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By Payge McMahon
The practice of meditation and yoga, a mind-body therapy, slows down the aging process and can help those suffering from traumatic brain injuries, post-traumatic stress disorder, chronic stress, back pain, anxiety and depression.

By linking breath with meditation and movement, yoga connects the physical and mental self. It increases energy, strength, flexibility, agility and balance, while improving mental and cognitive functioning.

Recent Studies

While yoga has been around for thousands of years, recent studies from Harvard, the University of California and the University of Maryland have measured the physiological changes of yoga and meditation through neuro-imaging and genomics technology.

“There is a true biological effect,” says John Weber Denninger, M.D.,PH.D., Director of Research at the Benson-Henry Institute for Mind Body Medicine at Massachusetts General Hospital, one of Harvard Medical School’s teaching hospitals. “The kinds of things that happen when you meditate do have effects throughout the body, not just in the brain.”

University of California at Los Angeles and Nobel Prize winner Elizabeth Blackburn found that 12 minutes of daily yoga meditation for eight weeks increased telomerase activity, an anti-aging enzyme, by 43 percent, suggesting an improvement in stress-induced aging.
Benefits – Hormones, Memory & Aging

There are thousands of yoga poses or postures, also known as asanas. Each one has a multitude of benefits. Aside from building strength and flexibility, different poses can also improve the functioning of the endocrine system, which helps the body adapt to hormonal fluctuations, minimize oxidative stress that reduces skin’s elasticity as we age, boost immunity levels, endorphins and blood circulation that can improve mental and cognitive performance.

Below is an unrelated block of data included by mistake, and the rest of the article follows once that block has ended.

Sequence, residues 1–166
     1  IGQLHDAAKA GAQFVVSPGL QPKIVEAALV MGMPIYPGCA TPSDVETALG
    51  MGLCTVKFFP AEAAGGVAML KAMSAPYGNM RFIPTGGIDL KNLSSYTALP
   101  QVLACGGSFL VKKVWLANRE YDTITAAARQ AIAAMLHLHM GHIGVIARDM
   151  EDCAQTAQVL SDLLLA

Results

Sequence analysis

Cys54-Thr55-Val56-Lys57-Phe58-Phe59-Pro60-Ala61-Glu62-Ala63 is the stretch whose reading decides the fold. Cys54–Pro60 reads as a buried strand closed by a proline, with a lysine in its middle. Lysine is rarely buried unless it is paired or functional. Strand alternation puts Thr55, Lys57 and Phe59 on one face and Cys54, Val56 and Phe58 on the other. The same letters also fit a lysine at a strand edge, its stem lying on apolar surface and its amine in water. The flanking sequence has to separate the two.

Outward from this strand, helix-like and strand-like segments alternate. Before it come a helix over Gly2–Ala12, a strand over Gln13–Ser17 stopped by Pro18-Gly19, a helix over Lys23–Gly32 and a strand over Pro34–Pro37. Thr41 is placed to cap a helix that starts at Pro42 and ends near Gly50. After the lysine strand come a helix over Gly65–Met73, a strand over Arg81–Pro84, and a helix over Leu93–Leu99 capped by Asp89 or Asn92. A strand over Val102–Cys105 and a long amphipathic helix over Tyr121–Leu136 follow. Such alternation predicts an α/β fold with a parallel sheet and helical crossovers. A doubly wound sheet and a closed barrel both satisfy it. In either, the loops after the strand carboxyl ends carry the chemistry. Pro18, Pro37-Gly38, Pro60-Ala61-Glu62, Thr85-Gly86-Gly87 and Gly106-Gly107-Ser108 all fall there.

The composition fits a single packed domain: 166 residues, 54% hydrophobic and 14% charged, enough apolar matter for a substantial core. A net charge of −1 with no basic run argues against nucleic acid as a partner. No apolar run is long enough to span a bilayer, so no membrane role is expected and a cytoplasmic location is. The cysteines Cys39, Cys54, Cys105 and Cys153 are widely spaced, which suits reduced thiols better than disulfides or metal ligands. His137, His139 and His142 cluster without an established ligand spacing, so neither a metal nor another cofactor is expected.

Getting Started:

Ujjayi (Oceans Breath)
Ocean's Breath PoseLinking breath with mediation and movement is key. The Ujjayi breathing technique invigorates the body while calming the mind. It helps concentration, holding yoga postures and moving from one pose to another.

1. Eyes can be open or closed
2. Place the tongue to the roof of your mouth
3. Through your nose, take a long, smooth inhale
4. Through your nose, take an equally long, smooth exhale
5. Repeat

Try These 2 Poses

• Shavasana (Corpse Pose)

benefits of yoga

The restorative pose of shavasana or savasana is ideal for relaxation and mediation.
It can be done lying down on your back or stomach, with or without a pillow, arms relaxed and legs stretched out or bent with feet together. Engage the Ujjayi breathing technique.

• Adho Mukha Svanasana (Downward Facing Dog)

Downward Facing Dog

This active, inversion pose is ideal for releasing tension from the spine, building stamina, stretching and strengthening the back, hamstrings, calves, shoulders, arms and hands. It calms the nervous system and can help relieve stress, insomnia, fatigue, headaches and the symptoms of menopause.

1. Start on your hands and knees, knees are hip-width apart, hands are shoulder width apart, fingers spread and along with palms firmly planted on the ground.
2. Curling toes under, lifting the hips, pressing hands into the floor, straighten the arms and legs, flatten the back and your body will come into a ‘V’ shaped pose.
3. Continue pressing yourself back, into your hamstrings, by distributing the weight evenly through your fingers and palms.
4. Squeeze the thigh muscles and turn triceps inward.
5. Let the neck be an extension of your spine. Gaze should rest underneath body.
6. Breathe (Ujjayi)

Payge McMahon is a yoga instructor and journalist. She specializes in training athletes and those recovering from injuries. She combines the best of Vinyasa, Budokon (martial arts influenced) and Iyengar yoga to maximize athletes’ performance and reduce recovery time.

Payge received her yoga teaching certification in 2008, through YogaWorks in Koh
Phangan, Thailand. She has studied in India and Nepal, trained with Shiva Rea, DDP
(Diamond Dallas Page) and Yoga for Athletes author, Sage Rountree. Payge has a B.A. from Pennsylvania State University and an MBA from California Lutheran University.

For more information: http://www.turnthepayge.com